Volunteers who are of an American racial/ethnic/national minority, or whose religious/spiritual beliefs differ from the majority of Namibians may experience a high degree of curiosity or unwanted attention. Please be aware that American ideas of courtesy and appropriate behavior are not universal. Ethnically, nationally, or racially diverse Americans may be asked “where are you actually from” or if they are “really” American. Many Volunteers turn these encounters into learning experiences, share American values, and deepen community members’ understanding of Americans.

While Namibia is generally tolerant, values and mores concerning sexual orientation and gender identity may be different from those in the U.S. Volunteers must be mindful of cultural norms, and use their judgment to determine the best way to approach sexual orientation and gender identity in their communities. Staff and currently serving Volunteers will address this topic during PST, and identify support mechanisms for incoming Trainees.

Volunteers would do well to research Namibia’s history in advance of arriving in order to be better prepared to live and work in a ‘post-conflict’ area and the issues that come with its post-apartheid and colonial past. Namibia is an exceedingly diverse country with a complex history that continues to affect the country politically, economically, and socially. Living and working in Namibia means negotiating extreme economic disparity on a regular basis as well as navigating one’s own individual identities – especially around race and ethnicity - and how they may be perceived differently in Namibia because of its past. Volunteers must be aware of this and consider the stress and challenges of such. PC Namibia strives to educate Volunteers through training and dialogue, and is committed to supporting its Volunteers and staff around these complexities.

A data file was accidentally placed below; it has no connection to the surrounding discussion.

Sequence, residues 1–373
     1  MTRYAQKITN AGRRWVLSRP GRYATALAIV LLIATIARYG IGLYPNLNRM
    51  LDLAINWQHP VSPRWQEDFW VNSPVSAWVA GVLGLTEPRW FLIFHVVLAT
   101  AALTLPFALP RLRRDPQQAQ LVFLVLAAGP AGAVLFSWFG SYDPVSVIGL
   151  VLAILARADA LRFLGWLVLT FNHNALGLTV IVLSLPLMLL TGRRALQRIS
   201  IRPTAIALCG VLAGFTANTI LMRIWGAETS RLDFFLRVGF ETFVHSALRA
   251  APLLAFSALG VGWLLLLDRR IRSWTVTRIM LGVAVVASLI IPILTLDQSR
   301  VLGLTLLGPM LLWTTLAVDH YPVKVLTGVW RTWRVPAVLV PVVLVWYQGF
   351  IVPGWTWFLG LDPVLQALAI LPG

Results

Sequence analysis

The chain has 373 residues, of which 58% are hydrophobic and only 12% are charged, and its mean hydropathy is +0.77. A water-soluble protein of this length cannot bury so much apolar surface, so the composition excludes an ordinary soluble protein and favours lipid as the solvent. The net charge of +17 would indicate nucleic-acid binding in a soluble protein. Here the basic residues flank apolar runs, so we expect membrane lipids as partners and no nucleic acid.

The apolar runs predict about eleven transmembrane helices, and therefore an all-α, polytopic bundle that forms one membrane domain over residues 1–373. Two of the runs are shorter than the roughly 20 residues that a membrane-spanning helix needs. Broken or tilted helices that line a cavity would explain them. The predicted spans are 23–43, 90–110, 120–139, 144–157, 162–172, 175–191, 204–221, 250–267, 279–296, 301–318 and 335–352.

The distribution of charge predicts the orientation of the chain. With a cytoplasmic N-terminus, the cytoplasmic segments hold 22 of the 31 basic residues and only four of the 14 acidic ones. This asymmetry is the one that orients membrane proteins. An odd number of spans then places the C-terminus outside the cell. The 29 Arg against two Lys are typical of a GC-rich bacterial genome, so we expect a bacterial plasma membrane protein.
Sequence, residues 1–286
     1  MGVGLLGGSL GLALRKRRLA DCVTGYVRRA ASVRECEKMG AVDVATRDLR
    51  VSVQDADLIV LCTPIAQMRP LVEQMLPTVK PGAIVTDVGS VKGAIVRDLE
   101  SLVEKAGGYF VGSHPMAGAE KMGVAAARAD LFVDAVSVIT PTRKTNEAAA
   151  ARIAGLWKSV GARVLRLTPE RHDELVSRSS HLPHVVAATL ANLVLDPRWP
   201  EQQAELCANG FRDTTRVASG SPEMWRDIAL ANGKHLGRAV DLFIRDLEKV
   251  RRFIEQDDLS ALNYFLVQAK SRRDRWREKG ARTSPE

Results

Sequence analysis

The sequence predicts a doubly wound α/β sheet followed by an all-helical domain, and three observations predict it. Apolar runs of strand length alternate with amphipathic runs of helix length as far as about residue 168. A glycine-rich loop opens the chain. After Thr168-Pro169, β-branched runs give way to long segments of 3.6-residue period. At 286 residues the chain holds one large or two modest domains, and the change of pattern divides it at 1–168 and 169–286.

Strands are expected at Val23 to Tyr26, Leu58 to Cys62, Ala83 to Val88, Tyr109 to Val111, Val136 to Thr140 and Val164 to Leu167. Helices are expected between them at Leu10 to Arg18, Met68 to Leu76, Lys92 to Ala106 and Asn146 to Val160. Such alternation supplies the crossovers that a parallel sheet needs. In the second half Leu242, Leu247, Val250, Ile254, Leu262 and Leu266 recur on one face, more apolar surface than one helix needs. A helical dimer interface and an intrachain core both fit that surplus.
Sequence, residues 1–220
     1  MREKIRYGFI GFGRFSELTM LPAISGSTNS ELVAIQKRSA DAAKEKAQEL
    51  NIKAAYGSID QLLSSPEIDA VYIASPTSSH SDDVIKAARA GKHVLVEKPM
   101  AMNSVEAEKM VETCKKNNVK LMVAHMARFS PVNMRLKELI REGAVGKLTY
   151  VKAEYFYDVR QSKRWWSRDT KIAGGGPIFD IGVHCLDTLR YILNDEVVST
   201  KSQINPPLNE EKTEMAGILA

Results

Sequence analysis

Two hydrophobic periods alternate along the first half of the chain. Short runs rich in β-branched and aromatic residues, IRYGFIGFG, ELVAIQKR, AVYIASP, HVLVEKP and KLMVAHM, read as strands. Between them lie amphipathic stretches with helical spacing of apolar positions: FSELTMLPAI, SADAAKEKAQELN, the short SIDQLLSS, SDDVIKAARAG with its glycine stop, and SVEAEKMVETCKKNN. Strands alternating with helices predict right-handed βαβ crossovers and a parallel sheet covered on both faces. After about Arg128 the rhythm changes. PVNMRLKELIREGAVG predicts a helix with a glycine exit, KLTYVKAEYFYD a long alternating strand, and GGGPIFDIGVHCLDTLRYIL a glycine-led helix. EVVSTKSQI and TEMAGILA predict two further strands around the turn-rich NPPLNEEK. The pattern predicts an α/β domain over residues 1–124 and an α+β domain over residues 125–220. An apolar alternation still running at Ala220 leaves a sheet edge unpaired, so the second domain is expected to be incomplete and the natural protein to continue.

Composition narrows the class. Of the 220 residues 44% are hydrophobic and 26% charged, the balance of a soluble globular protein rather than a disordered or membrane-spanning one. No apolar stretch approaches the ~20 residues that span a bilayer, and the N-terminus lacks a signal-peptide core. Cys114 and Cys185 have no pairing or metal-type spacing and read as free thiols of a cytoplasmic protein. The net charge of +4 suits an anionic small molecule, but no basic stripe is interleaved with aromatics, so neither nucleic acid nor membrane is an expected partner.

Learn more about the Volunteer experience in Namibia: Get detailed information on culture, communications, housing, and safety — including crime statistics [PDF] — in order to make a well-informed decision about serving.

Couples Information

Peace Corps Namibia accepts couples. Your partner must qualify and apply for one of the following positions in Namibia:

- Community Health and HIV/AIDS Programs (CHHAP) Volunteer

- Small Enterprise and Entrepreneurship Development Volunteer

Couples who are both in the Health sector will live with the same home stay family during the 9 weeks of Pre-service training (PST).

Couples with one Volunteer in the Health sector and the other in the Community Economic Development sector will possibly live with different host families during PST. If this is the case, Peace Corps staff will ensure the opportunity to visit with each other periodically. Couples should be prepared to spend much of their PST time apart.

Though conditions of housing and site will vary, couples will live together during service.

Medical Considerations in Namibia

Namibia may not be able to support Volunteers with the following medical conditions: insulin-dependent diabetes; requiring a psychiatrist for psychotropic medications support; ongoing counseling.

  • The following medication(s) are not permitted for legal or cultural reasons: none identified.
  • Volunteers who should avoid the following food(s) may not be able to serve: none identified. 
  • After arrival in Namibia, Peace Corps provides and applicants are required to have an annual flu shot, to take daily or weekly medication to prevent malaria, and to receive mandatory immunizations. 

Before you apply, please review Medical Information for Applicants to learn about the clearance process and other health conditions that are difficult to accommodate in Peace Corps service.